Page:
Subdivision (g)(2) of section 21100 was added in 2006 by Assembly Bill No. 2210 (2005–2006 Reg. Sess.). (See Stats. 2006, ch. 609, § 1, p. 4992.) The legislative document for that bill offered by the City (see fn. 3, ante) indicates a renewed concern regarding unscrupulous practices by towing companies. (See Legis. Counsel’s Dig., Assem. Bill No. 2210 (2005–2006 Reg. Sess.) 6 Stats. 2006, Summary Dig., pp. 340–341.) Assembly Bill No. 2210 responded to those concerns by making a number of changes to the Vehicle Code, primarily regarding tows from private property. (See, e.g., §§ 22658, 22953.) Although the bill, by adding subdivision (g)(2), confirmed and reinforced the Legislature’s desire for concurrent local regulation, the bill did not alter the statutory language stating such regulation should come from the local jurisdiction in which the towing company maintained its principal place of business.

Section 21100 must also be interpreted in its full context, which includes subdivision (g)(3). It provides, “[t]his subdivision does not limit the authority of a city or city and county pursuant to Section 12111.” Section 12111 permits a city to impose a “business license tax” on a “vehicle tower” with no fixed place of business within the jurisdiction. (Id., subd. (b).) The tax is calculated based on gross receipts attributable to work within the city. (Ibid.) If a city has the authority to license and regulate anyone towing cars in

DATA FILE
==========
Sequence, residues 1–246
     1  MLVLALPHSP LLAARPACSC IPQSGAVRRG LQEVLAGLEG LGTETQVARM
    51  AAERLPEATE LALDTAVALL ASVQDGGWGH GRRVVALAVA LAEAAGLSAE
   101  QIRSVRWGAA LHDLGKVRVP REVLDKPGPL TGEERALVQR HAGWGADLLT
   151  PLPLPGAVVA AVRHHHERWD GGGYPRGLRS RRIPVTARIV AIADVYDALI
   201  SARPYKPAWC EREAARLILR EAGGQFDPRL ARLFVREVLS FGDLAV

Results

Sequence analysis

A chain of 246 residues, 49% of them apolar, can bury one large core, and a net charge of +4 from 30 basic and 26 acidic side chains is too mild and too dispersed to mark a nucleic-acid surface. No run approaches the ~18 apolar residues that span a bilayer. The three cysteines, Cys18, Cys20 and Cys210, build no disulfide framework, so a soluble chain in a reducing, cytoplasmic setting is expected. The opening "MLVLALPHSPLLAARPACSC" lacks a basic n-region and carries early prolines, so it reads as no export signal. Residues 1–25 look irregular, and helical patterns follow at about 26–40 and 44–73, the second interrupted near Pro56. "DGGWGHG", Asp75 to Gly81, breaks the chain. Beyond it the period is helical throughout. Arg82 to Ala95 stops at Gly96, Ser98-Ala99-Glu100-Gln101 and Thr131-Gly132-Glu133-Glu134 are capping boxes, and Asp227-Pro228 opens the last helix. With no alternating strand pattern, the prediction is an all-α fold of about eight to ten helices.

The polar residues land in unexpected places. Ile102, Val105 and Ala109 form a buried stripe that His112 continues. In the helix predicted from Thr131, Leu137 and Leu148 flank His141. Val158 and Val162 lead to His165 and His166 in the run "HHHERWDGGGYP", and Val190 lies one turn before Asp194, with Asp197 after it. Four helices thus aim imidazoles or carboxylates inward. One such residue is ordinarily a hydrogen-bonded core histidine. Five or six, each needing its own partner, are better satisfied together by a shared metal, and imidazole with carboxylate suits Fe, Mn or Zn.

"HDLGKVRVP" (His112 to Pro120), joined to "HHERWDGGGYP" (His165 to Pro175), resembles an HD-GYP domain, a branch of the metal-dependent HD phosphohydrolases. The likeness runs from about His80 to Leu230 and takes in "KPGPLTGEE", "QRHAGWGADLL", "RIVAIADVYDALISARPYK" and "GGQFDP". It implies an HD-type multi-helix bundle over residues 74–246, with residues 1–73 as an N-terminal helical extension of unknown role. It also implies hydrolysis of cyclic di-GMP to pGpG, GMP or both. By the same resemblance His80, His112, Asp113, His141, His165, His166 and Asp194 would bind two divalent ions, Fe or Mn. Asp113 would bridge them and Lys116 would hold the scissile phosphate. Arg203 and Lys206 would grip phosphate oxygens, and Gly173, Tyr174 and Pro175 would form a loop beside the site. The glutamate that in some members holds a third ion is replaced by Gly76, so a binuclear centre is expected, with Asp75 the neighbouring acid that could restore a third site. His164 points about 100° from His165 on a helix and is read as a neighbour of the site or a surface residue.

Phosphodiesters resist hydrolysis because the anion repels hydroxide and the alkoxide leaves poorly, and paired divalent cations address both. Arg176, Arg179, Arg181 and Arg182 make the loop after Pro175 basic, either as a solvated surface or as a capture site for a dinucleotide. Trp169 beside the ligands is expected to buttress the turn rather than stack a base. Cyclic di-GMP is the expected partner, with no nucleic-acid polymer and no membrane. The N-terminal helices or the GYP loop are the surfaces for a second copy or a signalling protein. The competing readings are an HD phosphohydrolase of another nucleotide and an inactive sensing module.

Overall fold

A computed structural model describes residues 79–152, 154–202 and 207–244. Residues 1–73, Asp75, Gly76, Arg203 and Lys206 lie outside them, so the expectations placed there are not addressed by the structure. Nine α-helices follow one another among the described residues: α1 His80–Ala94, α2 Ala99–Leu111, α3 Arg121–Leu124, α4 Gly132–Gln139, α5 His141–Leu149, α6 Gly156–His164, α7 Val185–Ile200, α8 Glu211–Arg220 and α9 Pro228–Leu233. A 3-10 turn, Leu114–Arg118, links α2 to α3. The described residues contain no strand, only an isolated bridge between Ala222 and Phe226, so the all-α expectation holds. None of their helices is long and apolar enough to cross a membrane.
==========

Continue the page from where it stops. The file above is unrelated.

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the city, regardless of principal place of business, there would be no need for subdivision (g)(3) of section 21100. The authority to regulate and tax would be essentially coextensive. The City’s authority to license and regulate, however, is limited to tow truck companies and drivers whose principal place of business or employment is within the City. The City’s authority to tax under section 12111 is more expansive, and under subdivision (g)(3) of section 21100, is unaffected by the limit on local regulation.[7]